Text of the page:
As medical professionals, nurses need to be in the medical forefront in educating the public about the unethical misrepresentation of bottled water. Bottled water companies give the public an image of their products as the purest offered, this is not the case at all. Here in lies the ethical issue at hand. If companies are going to market a product that is not safe, then they should be required by law to state this directly on their product, much how the tobacco industry has. Fighting a sixteen billion dollar a year industry, with its political lobbyists will be difficult, and change may be slow. Not only are governmental agencies fighting bottled water companies but companies such as Wal-mart and Coca Cola who have a large stake in this business. Companies themselves need to address this issue, and if they do not, then government standards need to be imposed by the FDA. The FDAs standards for bottled water are not as stringent as the EPAs and this is unacceptable. If companies refuse to make products safe, it is up to the FDA to improve their standards. The government needs to educate the public through the media to make people become more aware of what they are drinking. People will not only be healthier but also save money.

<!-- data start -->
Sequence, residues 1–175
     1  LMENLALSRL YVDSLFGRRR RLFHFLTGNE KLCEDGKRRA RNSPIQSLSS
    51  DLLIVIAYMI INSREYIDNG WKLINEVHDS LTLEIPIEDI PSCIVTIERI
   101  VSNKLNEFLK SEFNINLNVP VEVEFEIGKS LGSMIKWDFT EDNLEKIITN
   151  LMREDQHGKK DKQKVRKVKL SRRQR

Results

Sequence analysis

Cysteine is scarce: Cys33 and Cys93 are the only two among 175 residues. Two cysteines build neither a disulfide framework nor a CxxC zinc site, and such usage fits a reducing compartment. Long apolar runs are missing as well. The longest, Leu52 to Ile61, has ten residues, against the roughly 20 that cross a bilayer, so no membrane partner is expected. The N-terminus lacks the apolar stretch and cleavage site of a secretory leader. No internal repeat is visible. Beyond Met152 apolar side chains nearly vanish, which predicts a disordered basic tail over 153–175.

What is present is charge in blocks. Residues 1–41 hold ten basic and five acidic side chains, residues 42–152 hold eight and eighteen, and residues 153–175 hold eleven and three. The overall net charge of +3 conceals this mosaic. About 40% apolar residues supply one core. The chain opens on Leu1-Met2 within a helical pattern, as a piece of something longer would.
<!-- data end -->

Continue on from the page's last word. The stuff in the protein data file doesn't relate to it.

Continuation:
Healthcare systems and policy